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The crème de la crème of our online inventory, the best rare books that belong in the best rare book collections...

Cover Image: Photographs by Kazumi Kurigami by KURIGAMI, Kazumi

Photographs by Kazumi Kurigami

First edition. Oblong large octavo. Fine in fine dustwrapper. Exceptionally... more>>

Cover Image: Melange Funeste by GOREY, Edward

Melange Funeste

First edition. 12mo. Fine in wrappers as issued. One of 500 numbered copies... more>>

Cover Image: [Screenplay]: Man About Town by (RYSKIND, Morrie)

[Screenplay]: Man About Town

Screenplay. Stapled and mimeographed sheets. A little darkening to the edges of... more>>

Cover Image: In Love & Trouble: Stories of Black Women by WALKER, Alice

In Love & Trouble: Stories of Black...

First edition. Fine in fine dustwrapper with very slight rubbing. more>>

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This Week...

This week in literary history.

1719 The first serialized novel, a pirated installment of Daniel Defoe's Robinson Crusoe appeared in London on October 7, 1719.

1838 American Statesman and author, John Hay, who wrote Jim Bludso, a Johnson Highspot of American Literature, was born in Salem, Indiana on October 8, 1838. He was primarily known as a politician, with a long career which ranged from being an assistant to Abraham Lincoln to eventually serving as Secretary of State to Theodore Roosevelt.

1844 American novelist George Washington Cable, author of Old Creole Days, was born in New Orleans, Louisiana on October 12, 1844. Although his family owned slaves and he fought for the Confederacy in his youth, in his writings he opposed both slavery and the post-war denial of rights to freed slaves.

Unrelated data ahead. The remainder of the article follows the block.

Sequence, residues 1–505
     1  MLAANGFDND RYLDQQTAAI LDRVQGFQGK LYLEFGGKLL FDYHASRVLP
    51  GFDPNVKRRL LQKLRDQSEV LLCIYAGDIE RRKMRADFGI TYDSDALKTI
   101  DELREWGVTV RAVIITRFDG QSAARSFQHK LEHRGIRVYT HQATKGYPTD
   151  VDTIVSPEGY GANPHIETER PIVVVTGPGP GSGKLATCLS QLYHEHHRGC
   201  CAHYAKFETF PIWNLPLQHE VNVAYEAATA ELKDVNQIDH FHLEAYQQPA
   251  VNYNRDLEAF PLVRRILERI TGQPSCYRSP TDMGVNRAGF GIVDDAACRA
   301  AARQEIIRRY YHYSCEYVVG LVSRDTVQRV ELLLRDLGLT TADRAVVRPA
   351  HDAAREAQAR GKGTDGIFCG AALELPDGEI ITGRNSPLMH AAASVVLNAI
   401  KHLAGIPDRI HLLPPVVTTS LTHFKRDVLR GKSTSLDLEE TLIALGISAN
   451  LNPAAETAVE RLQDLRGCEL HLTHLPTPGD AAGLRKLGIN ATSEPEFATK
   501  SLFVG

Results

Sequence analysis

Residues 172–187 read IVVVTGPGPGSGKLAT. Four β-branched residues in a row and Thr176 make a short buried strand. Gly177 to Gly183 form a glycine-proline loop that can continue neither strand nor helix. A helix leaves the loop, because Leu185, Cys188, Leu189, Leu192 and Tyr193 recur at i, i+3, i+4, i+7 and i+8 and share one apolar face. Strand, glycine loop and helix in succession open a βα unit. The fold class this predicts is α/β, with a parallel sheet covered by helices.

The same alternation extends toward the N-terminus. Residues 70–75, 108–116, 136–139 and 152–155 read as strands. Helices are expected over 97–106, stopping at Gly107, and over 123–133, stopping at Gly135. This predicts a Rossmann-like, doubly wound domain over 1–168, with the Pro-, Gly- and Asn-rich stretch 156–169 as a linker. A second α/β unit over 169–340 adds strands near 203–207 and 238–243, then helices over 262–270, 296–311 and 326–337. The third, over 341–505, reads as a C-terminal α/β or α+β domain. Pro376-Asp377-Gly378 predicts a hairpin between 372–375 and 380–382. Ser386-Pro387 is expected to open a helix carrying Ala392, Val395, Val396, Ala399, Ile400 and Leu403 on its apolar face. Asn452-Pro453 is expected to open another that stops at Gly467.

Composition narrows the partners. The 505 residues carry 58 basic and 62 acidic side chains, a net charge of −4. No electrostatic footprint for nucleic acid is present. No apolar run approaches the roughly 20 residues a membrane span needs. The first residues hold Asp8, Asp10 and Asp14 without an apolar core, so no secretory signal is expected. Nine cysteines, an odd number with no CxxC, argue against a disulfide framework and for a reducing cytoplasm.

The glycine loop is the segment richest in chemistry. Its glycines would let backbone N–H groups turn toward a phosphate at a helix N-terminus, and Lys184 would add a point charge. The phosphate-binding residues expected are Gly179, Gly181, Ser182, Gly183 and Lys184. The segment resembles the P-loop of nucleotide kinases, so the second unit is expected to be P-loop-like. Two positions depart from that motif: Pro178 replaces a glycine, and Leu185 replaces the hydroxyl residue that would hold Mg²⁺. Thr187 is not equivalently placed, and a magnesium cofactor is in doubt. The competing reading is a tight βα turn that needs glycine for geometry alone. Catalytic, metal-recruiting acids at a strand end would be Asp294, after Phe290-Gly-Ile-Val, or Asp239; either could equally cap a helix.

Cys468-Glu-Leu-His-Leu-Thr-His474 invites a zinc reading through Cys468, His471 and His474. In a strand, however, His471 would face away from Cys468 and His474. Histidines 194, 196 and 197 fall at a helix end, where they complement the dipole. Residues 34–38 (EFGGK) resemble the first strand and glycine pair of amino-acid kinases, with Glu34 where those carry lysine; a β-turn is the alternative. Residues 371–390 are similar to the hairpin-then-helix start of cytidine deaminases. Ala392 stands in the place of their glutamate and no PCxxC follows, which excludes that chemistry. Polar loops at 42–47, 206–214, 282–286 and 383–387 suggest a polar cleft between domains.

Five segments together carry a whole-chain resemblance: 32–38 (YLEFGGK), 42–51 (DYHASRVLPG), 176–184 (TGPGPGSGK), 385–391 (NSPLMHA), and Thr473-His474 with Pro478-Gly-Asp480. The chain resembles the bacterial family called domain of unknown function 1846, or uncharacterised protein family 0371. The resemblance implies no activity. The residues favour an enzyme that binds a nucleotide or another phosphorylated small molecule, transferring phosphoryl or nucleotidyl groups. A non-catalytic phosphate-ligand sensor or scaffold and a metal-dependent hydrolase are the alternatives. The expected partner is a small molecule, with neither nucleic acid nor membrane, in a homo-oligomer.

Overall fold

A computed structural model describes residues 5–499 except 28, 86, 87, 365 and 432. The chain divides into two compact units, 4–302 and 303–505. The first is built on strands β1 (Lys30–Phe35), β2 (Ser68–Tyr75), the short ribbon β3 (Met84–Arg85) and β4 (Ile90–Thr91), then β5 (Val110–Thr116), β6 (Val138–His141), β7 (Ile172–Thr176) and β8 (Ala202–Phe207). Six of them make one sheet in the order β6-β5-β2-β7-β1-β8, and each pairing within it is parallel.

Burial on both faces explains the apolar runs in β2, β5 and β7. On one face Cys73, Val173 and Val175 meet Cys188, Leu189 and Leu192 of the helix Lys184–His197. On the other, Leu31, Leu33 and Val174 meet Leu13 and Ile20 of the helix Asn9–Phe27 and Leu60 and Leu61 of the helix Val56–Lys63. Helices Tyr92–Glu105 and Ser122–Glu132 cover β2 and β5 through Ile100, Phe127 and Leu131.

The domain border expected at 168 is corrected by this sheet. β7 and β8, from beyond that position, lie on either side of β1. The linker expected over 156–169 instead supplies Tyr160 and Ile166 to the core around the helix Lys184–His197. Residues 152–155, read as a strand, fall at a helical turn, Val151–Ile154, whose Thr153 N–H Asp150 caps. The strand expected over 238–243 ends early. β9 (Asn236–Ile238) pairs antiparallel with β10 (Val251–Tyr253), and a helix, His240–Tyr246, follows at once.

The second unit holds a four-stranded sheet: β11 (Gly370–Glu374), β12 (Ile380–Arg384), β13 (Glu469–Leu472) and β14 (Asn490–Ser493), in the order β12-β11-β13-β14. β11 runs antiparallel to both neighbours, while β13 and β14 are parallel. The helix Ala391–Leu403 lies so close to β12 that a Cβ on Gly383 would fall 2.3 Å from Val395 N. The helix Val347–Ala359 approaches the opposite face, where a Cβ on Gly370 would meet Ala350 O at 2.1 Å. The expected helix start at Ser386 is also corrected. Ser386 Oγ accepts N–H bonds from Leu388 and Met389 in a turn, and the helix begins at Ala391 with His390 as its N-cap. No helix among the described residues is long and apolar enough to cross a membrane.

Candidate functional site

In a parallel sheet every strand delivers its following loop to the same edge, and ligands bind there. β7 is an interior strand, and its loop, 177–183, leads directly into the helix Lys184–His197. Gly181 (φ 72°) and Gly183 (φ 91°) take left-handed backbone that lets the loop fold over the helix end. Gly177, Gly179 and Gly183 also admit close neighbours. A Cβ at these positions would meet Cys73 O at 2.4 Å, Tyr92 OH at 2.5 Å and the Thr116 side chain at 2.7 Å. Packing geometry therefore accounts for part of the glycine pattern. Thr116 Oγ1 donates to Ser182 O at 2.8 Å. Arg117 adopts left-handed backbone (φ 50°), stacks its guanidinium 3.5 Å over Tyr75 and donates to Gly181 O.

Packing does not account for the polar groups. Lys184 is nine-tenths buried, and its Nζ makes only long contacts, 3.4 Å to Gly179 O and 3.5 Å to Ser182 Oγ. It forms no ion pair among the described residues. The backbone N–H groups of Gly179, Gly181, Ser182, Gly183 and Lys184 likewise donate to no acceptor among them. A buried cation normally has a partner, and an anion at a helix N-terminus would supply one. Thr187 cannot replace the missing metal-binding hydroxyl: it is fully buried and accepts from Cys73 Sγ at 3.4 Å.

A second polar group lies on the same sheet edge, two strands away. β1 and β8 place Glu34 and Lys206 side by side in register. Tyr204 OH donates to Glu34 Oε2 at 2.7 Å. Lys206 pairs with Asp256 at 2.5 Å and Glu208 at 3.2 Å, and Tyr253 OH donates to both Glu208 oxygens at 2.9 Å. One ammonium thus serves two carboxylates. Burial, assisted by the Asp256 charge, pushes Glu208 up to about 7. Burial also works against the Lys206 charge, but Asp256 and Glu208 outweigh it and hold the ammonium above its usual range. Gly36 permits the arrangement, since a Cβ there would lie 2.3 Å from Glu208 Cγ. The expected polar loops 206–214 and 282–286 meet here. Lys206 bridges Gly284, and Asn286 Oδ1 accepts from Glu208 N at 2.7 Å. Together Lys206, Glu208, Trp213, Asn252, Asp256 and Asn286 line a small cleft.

1849 Poet and short story-master Edgar Allan Poe, known for his many classic tales of horror and mystery, died in Baltimore, Maryland at age 40 on October 7, 1849. The circumstances of his death are appropriately mysterious. He was found delirious in the street, wearing someone else's clothing, and died shortly afterward, never regaining sufficient coherence to explain what had happened to him. His last words were reportedly "Lord help my poor soul."

1870 Poet and novelist Ivan Bunin, the first Russian to win the Nobel Prize for Literature, was born in Voronezh on October 10, 1870. His works included The Gentleman from San Francisco and The Well of Days.

1872 British novelist and lecturer John Cowper Powys was born in Derbyshire on October 8, 1872. Among his many novels are were Wolf Solent, A Glastonbury Romance, and Porius. His literary family included his ancestor, the poet William Cowper, as well as his novelist brothers T.F. Powys and Llewelyn Powys.

1885 French Nobel laureate Francois Mauriac, whose novel Vipers' Tangle is often considered his masterpiece, was born in Bordeaux on October 11, 1885.

1890 American novelist Conrad Richter, author of The Sea of Life, the Pulitzer Prize-winner The Town, and the National Book Award-winner The Waters of Kronos, was born in Pine Grove, Pennsylvania on October 13, 1890.

1892 The British poet Alfred, Lord Tennyson, famed for such works as "The Charge of the Light Brigade," "Enoch Arden," and Idylls of the King, died in Aldworth, Surrey on October 6, 1892 at age 83.

1892 Serbo-Croatian novelist and Nobel laureate Ivo Andric, author of Ex Ponto and The Days of the Consuls, was born near Travnik, Bosnia on October 10, 1892.

1894 Physician and author Oliver Wendell Holmes, Sr., remembered for such works as the poem "Old Ironsides" and The Autocrat of the Breakfast Table, and for coining the term anesthesia, died in Cambridge, Massachusetts on October 7, 1894 at age 85.

1896 English illustrator and novelist George du Maurier, who introduced the character Svengali in his novel Trilby, died in London on October 6, 1896 at age 62. He never lived to see that his granddaughter would become the novelist Daphne du Maurier, author of Rebecca, and his grandsons would be the inspiration for J.M. Barrie's Peter Pan and the Lost Boys.

1896 Italian poet, translator, and Nobel laureate Eugenio Montale was born in Genoa.

1913 French novelist and Nobel laureate Claude Simon, author of The Flanders Road, was born in Tananarive, Madagascar on October 10, 1913.